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Bronwyn Labrum

15 Collecting, curating and exhibiting cross-cultural material histories in a post-settler society Bronwyn Labrum Introduction: a history curator looks back (and forward) This chapter is a ‘think piece’ about history curating in a postcolonial context through a focus on objects. My field is Aotearoa New Zealand, a former British colony in the South Pacific. I want to raise issues to do with Pākehā (European, non-Indigenous) curatorship in relation to, and also in contrast with, Indigenous collections and displays. I pose the questions: What does a twenty

in Curatopia
Antonius C. G. M. Robben

Thousands of people died in Rotterdam during the Second World War in more than 300 German and Allied bombardments. Civil defence measures had been taken before the German invasion of the Netherlands in May 1940 and these efforts were intensified during the country’s occupation as Allied bombers attacked Rotterdam’s port, factories, dry docks and oil terminals. Residential neighbourhoods were also hit through imprecise targeting and by misfired flak grenades. Inadequate air raid shelters and people’s reluctance to enter them caused many casualties. The condition of the corpses and their post-mortem treatment was thus co-constituted by the relationship between the victims and their material circumstances. This article concludes that an understanding of the treatment of the dead after war, genocide and mass violence must pay systematic attention to the materiality of death because the condition, collection and handling of human remains is affected by the material means that impacted on the victims.

Human Remains and Violence: An Interdisciplinary Journal
Cambodia’s bones
Fiona Gill

The display of human remains is a controversial issue in many contemporary societies, with many museums globally removing them from display. However, their place in genocide memorials is also contested. Objections towards the display of remains are based strongly in the social sciences and humanities, predicated on assumptions made regarding the relationship between respect, identification and personhood. As remains are displayed scientifically and anonymously, it is often argued that the personhood of the remains is denied, thereby rendering the person ‘within’ the remains invisible. In this article I argue that the link between identification and personhood is, in some contexts, tenuous at best. Further, in the context of Cambodia, I suggest that such analyses ignore the ways that local communities and Cambodians choose to interact with human remains in their memorials. In such contexts, the display of the remains is central to restoring their personhood and dignity.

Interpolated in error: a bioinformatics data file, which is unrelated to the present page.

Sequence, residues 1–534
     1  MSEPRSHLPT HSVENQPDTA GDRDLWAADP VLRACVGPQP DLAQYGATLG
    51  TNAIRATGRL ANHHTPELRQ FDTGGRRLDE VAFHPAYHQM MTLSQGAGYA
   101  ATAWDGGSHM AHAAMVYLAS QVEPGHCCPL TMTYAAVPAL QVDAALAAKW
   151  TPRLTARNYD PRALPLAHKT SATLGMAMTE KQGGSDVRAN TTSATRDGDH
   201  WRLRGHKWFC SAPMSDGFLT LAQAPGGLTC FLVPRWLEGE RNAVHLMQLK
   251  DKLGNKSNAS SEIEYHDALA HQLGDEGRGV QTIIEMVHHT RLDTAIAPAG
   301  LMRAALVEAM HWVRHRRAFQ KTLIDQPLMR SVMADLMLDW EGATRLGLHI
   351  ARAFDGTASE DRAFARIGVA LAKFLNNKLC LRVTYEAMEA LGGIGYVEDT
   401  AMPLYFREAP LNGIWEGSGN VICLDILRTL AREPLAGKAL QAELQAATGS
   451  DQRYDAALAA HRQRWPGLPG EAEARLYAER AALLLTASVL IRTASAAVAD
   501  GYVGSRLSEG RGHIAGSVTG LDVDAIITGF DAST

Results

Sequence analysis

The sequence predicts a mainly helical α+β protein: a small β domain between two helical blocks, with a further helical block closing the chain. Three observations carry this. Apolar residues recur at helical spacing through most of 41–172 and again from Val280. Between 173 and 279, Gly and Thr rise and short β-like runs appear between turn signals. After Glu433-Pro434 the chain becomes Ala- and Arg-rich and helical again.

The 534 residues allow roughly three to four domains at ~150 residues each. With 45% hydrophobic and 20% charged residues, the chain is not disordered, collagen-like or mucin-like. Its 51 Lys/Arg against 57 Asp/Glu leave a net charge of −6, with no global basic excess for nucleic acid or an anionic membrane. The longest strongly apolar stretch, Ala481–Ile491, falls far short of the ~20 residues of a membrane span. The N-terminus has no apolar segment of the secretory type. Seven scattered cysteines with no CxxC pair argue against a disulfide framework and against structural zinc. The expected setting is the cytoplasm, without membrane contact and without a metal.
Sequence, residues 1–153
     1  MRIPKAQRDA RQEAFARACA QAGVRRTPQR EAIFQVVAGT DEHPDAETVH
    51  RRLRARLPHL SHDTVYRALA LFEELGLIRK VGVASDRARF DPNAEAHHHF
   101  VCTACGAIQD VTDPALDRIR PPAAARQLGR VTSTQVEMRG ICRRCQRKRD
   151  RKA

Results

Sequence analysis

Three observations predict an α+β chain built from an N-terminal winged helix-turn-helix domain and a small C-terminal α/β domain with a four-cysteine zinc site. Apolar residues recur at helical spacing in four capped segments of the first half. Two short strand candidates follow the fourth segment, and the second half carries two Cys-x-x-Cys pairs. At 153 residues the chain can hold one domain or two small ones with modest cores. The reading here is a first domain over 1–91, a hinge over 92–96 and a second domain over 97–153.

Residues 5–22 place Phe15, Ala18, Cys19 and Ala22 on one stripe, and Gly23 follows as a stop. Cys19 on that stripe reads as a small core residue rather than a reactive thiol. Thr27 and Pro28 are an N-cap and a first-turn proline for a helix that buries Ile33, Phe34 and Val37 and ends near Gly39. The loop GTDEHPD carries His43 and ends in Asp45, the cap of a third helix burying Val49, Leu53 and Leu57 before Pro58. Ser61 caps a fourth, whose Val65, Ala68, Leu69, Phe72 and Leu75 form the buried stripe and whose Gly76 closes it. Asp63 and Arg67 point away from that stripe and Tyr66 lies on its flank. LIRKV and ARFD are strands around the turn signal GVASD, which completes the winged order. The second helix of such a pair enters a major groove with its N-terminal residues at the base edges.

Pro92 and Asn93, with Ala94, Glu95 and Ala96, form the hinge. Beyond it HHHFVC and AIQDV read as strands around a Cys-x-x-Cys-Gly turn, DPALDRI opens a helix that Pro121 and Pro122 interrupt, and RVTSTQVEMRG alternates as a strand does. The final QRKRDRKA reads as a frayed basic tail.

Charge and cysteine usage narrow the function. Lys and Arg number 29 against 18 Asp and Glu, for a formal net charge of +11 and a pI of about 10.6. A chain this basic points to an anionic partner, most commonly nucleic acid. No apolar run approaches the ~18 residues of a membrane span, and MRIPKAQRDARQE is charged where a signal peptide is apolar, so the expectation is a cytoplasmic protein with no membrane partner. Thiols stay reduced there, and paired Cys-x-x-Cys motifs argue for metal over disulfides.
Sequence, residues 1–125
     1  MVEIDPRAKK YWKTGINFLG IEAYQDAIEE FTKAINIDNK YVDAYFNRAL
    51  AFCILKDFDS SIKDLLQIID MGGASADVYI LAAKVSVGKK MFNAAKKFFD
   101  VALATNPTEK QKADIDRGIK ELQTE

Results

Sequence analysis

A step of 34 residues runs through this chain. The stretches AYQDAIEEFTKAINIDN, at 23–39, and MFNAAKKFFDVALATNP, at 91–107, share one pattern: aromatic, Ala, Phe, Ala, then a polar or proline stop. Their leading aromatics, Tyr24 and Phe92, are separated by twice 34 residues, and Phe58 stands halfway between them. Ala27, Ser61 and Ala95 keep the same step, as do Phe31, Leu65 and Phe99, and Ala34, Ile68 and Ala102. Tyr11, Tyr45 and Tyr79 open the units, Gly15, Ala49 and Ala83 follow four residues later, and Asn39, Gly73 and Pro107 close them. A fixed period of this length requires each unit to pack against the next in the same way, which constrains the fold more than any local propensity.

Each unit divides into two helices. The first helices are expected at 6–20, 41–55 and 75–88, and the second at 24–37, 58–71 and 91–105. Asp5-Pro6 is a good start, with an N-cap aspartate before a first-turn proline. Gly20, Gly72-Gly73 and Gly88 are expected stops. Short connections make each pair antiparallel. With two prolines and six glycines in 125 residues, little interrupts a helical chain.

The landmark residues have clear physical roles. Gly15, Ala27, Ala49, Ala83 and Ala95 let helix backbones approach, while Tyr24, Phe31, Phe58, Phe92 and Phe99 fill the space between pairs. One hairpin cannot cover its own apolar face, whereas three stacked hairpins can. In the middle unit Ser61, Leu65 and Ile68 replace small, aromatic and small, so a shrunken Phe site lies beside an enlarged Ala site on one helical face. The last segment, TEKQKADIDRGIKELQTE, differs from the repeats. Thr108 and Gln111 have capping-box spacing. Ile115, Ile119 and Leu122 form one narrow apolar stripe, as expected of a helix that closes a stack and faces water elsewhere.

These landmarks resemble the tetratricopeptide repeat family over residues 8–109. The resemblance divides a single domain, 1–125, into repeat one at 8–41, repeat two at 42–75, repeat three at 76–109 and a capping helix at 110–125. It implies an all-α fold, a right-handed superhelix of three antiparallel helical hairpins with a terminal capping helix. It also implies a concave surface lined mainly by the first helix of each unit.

Human Remains and Violence: An Interdisciplinary Journal
The manifold materialities of human remains
Claudia Fonseca
Rodrigo Grazinoli Garrido

In this article we explore the relational materiality of fragments of human cadavers used to produce DNA profiles of the unidentified dead at a forensic genetics police laboratory in Rio de Janeiro. Our point of departure is an apparently simple problem: how to discard already tested materials in order to open up physical space for incoming tissue samples. However, during our study we found that transforming human tissues and bone fragments into disposable trash requires a tremendous institutional investment of energy, involving negotiations with public health authorities, criminal courts and public burial grounds. The dilemma confronted by the forensic genetic lab suggests not only how some fragments are endowed with more personhood than others, but also how the very distinction between human remains and trash depends on a patchwork of multiple logics that does not necessarily perform according to well-established or predictable scripts.

Human Remains and Violence: An Interdisciplinary Journal

Always believe in your soul, You’ve got the power to know, You’re indestructible, Always believe in, ‘Cos you are Gold Spandau Ballet Ancient Egypt is synonymous with a surfeit of archaeologically recovered, miraculously preserved things : ostentatious material wealth focused on the idealised body, produced by seemingly mysterious lost artistry, and all motivated by an apparently unshakable belief in an afterlife existence. It is a combination – gold, sex, art